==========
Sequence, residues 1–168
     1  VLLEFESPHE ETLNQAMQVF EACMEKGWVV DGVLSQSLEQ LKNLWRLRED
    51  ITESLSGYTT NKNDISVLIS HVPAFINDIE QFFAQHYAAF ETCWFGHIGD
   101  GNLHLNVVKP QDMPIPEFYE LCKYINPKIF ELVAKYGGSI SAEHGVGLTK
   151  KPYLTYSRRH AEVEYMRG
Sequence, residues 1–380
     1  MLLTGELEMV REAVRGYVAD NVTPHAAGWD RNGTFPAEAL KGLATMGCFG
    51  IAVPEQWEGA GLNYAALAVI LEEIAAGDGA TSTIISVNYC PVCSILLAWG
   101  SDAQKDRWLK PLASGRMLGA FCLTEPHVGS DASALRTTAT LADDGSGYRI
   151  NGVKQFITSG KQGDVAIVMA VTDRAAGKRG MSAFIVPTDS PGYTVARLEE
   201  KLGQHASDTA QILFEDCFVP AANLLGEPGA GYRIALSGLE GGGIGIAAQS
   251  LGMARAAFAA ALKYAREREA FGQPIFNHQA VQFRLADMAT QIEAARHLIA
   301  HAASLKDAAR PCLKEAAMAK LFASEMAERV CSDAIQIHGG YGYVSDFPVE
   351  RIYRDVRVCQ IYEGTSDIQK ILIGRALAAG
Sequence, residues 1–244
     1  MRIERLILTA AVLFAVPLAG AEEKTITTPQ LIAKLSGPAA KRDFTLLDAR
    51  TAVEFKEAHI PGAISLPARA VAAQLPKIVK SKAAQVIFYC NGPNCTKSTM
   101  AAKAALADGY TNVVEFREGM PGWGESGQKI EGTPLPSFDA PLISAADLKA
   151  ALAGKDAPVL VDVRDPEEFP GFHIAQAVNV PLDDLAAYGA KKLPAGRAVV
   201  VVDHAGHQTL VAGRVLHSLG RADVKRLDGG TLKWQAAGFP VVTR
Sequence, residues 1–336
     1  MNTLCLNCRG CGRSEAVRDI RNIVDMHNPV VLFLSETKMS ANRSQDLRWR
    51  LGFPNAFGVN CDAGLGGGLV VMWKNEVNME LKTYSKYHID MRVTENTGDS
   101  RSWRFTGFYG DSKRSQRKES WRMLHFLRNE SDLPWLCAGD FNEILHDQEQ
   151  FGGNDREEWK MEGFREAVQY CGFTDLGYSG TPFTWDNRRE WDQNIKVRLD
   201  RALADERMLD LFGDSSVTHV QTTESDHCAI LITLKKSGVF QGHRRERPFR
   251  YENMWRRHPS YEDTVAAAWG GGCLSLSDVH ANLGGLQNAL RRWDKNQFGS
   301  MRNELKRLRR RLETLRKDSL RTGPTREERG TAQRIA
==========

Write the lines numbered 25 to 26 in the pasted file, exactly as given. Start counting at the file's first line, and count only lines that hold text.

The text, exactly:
   151  FGGNDREEWK MEGFREAVQY CGFTDLGYSG TPFTWDNRRE WDQNIKVRLD
   201  RALADERMLD LFGDSSVTHV QTTESDHCAI LITLKKSGVF QGHRRERPFR